This is a rush transcript from "On the Record," May 27, 2010. This copy may not be in its final form and may be updated.
GRETA VAN SUSTEREN, FOX NEWS HOST: And now you go to the front lines of the illegal immigration battle. Griff Jenkins takes to you a ranch on the Arizona-Mexico border the border, close to the ranch where American Robert Krentz was murdered two months ago. Now, the border is wide open, and Griff Jenkins is right there. Griff went to the ranch of John Ladd. Now, Ladd was friends with the murdered rancher and fears for his life.
GRIFF JENKINS, FOX CORRESPONDENT: This is the U.S.-Mexico border. This is the fence in Arizona. As you can see, it's very easy to get on there. There's trash on the other side. When you get over, you just climb down like this and you hop down. Welcome to America. And you walk out on John Ladd's ranch.
How many people are coming across in the last 10 years onto just your ranch, on this 10-mile southern border?
JOHN LADD, RANCHER: Well, there are -- around half a million have been caught on this ranch since 1999.
JENKINS: A half a million?
LADD: A half a million. And if you figure one out of four is what they're catching, that's two million people.
My concern is for my wife, my mom and dad, my boys. You know, my personal self, I can't be looking over my shoulder the whole time I'm doing work on the ranch. And if somebody wants to get me, they're going to get me. But to have to have my wife lock the doors all the time, not be able to do anything when I'm not around, is ridiculous. My mom and dad are in their 80s. Why do I have to have them worry about leaving their house for more than a couple hours or a day without having somebody come babysit the house?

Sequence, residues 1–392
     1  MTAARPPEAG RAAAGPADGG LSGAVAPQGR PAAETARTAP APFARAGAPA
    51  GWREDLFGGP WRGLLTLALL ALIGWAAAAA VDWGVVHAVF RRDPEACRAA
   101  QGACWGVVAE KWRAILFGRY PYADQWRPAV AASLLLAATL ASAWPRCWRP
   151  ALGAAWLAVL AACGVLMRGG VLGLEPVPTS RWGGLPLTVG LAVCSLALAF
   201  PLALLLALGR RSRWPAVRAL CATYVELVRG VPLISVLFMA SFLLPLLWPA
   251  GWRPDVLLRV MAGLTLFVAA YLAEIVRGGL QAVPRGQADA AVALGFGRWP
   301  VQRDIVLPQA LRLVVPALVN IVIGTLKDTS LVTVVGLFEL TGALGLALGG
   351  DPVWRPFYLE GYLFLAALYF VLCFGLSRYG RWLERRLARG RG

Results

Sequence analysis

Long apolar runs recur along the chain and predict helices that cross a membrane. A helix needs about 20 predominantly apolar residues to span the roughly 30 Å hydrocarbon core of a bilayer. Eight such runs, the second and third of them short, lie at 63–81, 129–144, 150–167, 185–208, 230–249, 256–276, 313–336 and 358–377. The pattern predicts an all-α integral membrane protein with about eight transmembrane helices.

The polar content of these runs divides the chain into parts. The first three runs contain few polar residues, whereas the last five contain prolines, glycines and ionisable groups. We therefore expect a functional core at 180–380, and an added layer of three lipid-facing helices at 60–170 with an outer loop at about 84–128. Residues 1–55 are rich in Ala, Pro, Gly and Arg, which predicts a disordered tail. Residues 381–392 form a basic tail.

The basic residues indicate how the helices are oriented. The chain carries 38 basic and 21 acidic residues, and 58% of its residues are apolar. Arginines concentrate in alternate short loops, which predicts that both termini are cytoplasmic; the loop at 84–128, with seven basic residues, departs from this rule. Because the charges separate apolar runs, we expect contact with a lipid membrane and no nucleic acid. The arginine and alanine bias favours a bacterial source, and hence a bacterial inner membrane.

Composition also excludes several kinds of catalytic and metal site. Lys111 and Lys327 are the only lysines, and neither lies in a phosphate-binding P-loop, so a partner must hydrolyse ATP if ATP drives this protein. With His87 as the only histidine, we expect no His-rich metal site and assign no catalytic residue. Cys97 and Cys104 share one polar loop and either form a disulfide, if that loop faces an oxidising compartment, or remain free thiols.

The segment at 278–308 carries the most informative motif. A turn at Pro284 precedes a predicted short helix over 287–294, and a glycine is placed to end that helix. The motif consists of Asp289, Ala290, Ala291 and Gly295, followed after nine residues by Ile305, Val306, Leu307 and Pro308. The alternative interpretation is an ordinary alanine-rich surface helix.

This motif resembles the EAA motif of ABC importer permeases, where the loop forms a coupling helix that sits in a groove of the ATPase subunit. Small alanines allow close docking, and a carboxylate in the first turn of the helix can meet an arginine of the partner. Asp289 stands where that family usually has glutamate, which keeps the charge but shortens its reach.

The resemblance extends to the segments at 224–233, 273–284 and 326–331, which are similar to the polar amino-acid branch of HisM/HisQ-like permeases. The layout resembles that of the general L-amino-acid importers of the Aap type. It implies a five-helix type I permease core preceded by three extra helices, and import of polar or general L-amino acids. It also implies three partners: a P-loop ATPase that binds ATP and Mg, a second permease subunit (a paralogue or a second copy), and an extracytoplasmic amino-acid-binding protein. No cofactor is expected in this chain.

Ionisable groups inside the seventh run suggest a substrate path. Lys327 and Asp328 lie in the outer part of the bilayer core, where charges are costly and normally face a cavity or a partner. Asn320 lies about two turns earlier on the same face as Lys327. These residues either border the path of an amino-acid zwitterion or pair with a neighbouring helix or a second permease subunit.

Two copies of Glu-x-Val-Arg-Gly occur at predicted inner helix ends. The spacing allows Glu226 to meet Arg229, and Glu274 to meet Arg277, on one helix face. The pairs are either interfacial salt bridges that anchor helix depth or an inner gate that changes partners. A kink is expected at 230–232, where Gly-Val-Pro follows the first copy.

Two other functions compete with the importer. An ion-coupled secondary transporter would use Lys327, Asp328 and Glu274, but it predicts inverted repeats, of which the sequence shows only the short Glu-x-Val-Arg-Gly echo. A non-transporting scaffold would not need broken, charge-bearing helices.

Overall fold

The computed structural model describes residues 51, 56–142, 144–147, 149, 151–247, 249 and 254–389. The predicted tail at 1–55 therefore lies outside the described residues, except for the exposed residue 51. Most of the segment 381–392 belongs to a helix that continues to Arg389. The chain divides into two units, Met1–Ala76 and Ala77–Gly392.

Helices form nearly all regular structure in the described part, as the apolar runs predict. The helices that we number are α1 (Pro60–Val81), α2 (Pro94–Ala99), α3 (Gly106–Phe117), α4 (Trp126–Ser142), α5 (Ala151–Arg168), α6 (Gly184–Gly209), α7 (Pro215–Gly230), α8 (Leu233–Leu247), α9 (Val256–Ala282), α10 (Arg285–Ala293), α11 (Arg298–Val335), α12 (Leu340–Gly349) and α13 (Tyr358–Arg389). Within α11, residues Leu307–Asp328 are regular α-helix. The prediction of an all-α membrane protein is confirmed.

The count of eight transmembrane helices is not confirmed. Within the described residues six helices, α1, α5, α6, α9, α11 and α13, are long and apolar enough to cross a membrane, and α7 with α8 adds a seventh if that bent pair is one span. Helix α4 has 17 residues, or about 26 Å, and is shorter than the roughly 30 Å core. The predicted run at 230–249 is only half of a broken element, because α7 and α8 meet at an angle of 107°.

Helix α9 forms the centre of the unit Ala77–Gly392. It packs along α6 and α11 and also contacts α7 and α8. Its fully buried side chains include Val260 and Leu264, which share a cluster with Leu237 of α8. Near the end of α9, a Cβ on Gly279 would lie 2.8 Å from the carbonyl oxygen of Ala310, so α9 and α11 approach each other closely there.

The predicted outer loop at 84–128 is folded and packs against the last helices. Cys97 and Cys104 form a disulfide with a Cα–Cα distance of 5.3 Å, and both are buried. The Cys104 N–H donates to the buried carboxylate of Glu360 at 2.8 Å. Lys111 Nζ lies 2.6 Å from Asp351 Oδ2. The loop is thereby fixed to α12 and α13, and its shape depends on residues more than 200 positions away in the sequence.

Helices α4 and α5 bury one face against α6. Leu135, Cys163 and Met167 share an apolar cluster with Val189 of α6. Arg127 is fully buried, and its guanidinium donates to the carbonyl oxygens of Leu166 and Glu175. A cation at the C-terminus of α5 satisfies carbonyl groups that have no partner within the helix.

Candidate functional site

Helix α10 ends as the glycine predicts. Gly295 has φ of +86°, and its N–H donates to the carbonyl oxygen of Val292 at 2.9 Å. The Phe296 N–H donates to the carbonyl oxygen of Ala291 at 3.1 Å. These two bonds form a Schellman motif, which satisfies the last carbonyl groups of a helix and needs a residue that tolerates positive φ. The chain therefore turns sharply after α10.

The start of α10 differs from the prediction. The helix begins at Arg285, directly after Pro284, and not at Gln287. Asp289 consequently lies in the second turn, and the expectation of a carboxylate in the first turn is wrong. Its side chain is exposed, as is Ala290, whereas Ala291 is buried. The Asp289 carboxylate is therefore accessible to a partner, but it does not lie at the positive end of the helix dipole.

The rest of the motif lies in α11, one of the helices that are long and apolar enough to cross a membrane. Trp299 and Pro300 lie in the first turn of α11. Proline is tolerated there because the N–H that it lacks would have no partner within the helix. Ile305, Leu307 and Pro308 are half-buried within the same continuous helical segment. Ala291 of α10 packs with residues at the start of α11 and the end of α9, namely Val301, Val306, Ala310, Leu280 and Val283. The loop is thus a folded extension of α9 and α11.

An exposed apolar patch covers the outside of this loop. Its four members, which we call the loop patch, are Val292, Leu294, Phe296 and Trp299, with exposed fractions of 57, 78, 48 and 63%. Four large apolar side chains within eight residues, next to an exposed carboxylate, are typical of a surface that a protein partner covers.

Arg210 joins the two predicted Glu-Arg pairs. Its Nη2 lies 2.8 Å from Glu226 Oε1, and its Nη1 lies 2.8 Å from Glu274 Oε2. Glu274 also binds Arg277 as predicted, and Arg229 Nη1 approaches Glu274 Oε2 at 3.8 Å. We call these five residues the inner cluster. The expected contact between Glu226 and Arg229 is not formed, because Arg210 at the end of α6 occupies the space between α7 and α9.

JENKINS: How many times have you been broken into?
LADD: Well, we've had seven, and one house has been broken into four times.
JENKINS: If you had just a couple of moments to spend with the president to tell him, you know, what he needs to know most to focus on about the problems we have right here on your ranch, on this border line, what would you tell him?
LADD: Quit worrying about these people's rights and worry about your American people's rights.
JENKINS: And you have seen not just Mexican crossers, you've seen other nationalities.
LADD: You bet. I've seen Russian, Polish, Chinese, Iraqi, Pakistani, Romanian, Brazilians, Guatemalans.
JENKINS: What do you need here yesterday, and how much of it do you need?
LADD: We need enough people on this border to have a line of sight with each other on the border 24 hours a day.
JENKINS: Are you concerned ever that one of them could be picking up drugs and that someone in one of these cars could be armed?
JENKINS: And you're (INAUDIBLE)
LADD: Oh, yes. They're -- you're going to have -- everybody's got a gun now. That's why we put the gate up. That's a locked gate.
JENKINS: What do you make of Arizona's new law, this SB 1070?
LADD: Well, it's evolved out of frustration from the state because it's costing the state so much because the government won't do it. The states are tired of it because it's costing them a lot of money -- schools, hospitals, law enforcement. So it's a start. But the thing that frustrates me is, is that now all these people are challenging it. And the first one to challenge it was the American government! How can you do that?
JENKINS: Since I was here for a few hours with John Ladd, we haven't seen anyone jump over. But we were talking just down the bottom of that road, and just beyond me, there was a truck that pulled up with several individuals we could see in the truck, and they were on the fence line. Soon as they saw us, we stopped to get the camera out -- they're sitting now. It's very hard to see. It's a white truck. You can just see the glimpse through the fence. That is a group of illegals looking to cross. When we drive away, they're coming over and walking right onto John Ladd's ranch.
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